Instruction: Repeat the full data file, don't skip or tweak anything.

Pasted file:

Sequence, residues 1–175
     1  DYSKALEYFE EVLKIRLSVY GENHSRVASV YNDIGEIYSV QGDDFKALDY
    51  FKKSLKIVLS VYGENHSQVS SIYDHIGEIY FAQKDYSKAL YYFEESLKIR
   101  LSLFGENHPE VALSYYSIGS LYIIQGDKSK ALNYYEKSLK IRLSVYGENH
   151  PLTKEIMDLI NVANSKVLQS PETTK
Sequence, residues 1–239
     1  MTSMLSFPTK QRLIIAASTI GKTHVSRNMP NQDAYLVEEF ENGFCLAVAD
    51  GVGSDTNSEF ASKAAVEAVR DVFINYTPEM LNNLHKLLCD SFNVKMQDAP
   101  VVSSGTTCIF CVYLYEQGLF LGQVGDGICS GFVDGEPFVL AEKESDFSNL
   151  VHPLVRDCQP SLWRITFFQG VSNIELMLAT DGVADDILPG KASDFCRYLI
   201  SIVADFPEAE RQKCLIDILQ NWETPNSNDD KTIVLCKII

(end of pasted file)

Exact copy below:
Sequence, residues 1–175
     1  DYSKALEYFE EVLKIRLSVY GENHSRVASV YNDIGEIYSV QGDDFKALDY
    51  FKKSLKIVLS VYGENHSQVS SIYDHIGEIY FAQKDYSKAL YYFEESLKIR
   101  LSLFGENHPE VALSYYSIGS LYIIQGDKSK ALNYYEKSLK IRLSVYGENH
   151  PLTKEIMDLI NVANSKVLQS PETTK
Sequence, residues 1–239
     1  MTSMLSFPTK QRLIIAASTI GKTHVSRNMP NQDAYLVEEF ENGFCLAVAD
    51  GVGSDTNSEF ASKAAVEAVR DVFINYTPEM LNNLHKLLCD SFNVKMQDAP
   101  VVSSGTTCIF CVYLYEQGLF LGQVGDGICS GFVDGEPFVL AEKESDFSNL
   151  VHPLVRDCQP SLWRITFFQG VSNIELMLAT DGVADDILPG KASDFCRYLI
   201  SIVADFPEAE RQKCLIDILQ NWETPNSNDD KTIVLCKII